CCCC VS AI (or what makes us human?)

Recently there has been some interesting news on how artificial intelligence advanced into fields that have been regarded as exclusive to humans. Artificial intelligence (AI) won against humans in 'GO' , drove millions of miles in self-driven cars without self-caused accident and, even more remarkably, wrote novels that passed first rounds of literacy competitions. These technological advancements will forever change our society. As always, change comes with risks, but also, and most importantly, with opportunities for enhancement as a society. One question, in our view, is particularly interesting:

Given all the technological approximations, which traits and characteristics are exclusively human?

In this article we share our thoughts on the question above. This is a complex, multi-faceted, even philosophical question with (probably) no right answer. Consequently, this blog post is a thought provoking, non-exhaustive opinion rather than the ultimate truth. Nevertheless, we invite you to this journey.


The core of our article is that, amongst others, four Cs are exclusive to humans and, as a consequence, a differentiator to AI. Those four Cs are: culture, curiosity, creativity and compassion (with the last one we actually mean empathy but talking about four Cs makes our idea more memorable and the headline more snappy). 


Ian Leslie, author of Curious, stresses an interesting thought. As humans we started our quest some 60,000 years ago out of Africa. As species we spread to live in all regions of the world, no matter how hot, cold, wet or humid. The question is, what makes us that adaptable. "In one word, culture - our ability to learn from others, to copy, imitate, share and improve. When humans learned to communicate using oral and, later, written language, ideas, knowledge and practices ... could replicate and combine like genes" Leslie writes. 

We are 'programmed' to learn in very different ways: from parents, from peers, from experts, by trial and error, by observation, by ourselves, ... Does AI bring that diverse approach to learning to the table? How can AI simulate learning from social interaction? Can AI pass on not only data but rather ideas to other systems? Does AI actually explore fields it was not programmed to explore? This last question brings us to the second (potential) differentiator.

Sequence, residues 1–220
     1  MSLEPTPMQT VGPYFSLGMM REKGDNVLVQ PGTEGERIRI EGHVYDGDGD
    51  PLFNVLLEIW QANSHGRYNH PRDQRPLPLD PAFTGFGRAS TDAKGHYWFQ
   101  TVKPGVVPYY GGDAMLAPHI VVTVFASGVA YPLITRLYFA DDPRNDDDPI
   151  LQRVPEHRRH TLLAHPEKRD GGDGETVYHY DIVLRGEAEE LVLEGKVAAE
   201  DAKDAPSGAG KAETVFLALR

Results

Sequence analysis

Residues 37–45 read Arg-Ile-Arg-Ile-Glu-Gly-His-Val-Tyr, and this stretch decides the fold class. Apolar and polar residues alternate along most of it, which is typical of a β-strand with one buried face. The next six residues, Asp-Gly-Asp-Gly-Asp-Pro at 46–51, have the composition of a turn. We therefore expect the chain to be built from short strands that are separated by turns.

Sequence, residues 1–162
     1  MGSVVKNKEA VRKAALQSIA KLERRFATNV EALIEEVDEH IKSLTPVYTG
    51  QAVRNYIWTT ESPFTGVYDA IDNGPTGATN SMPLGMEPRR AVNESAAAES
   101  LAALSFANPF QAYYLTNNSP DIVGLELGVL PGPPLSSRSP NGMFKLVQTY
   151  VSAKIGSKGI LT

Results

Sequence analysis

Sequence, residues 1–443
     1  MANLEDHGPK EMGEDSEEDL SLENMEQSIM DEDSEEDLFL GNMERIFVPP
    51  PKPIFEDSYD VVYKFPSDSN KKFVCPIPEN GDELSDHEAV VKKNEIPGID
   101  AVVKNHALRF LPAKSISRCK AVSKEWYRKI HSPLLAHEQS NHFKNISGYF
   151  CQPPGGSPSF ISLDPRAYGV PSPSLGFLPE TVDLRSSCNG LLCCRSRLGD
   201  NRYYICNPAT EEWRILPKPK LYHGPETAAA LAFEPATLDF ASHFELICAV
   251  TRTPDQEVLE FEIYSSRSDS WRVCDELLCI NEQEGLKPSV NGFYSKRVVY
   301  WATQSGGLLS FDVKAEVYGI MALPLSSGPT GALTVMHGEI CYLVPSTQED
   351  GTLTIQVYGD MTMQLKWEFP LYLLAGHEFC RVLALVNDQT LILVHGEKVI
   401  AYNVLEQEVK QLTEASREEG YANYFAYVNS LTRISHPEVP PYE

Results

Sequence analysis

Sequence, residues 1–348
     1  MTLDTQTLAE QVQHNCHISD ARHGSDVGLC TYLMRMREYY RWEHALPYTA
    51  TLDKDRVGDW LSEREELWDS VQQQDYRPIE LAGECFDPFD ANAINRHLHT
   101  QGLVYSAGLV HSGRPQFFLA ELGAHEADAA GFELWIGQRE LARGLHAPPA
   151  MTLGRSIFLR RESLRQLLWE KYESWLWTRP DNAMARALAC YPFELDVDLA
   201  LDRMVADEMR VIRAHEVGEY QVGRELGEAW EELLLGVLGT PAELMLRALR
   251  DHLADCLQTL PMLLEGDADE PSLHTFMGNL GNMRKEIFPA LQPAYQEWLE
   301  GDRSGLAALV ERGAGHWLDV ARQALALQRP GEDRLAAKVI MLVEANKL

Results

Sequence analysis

Mihaly Csikszentmihalyi provokes a great thought experiment in his book Creativity. How would you design an organism that is supposed to survive in a complex environment, say on our earth? Which mechanisms would allow this artificial life form to thrive?

Csikszentmihalyi argues that designing conservative organisms, that learn the best solutions and apply them over and over would be a good idea to increase chances of survival. He adds, however, that the best system would also need a relay system, that positively reinforces the discovery of something new. In other words: pleasure and joy from novelty. 

This human trait led us to where we are today. Not only did we want to know what is behind the next valley or across the river, but culture enabled us to pass on knowledge to survive in this new terrain we discovered. Does AI also have the desire to explore? Does AI leave proven paths so that not only will its algorithm defeat it's human opponents in a game of GO, but also check out the rules of other games? Will a self-driving car ever decide for an alternative route other than the fastest or most efficient one? Currently, it seems that there is no reason for AI to behave that way.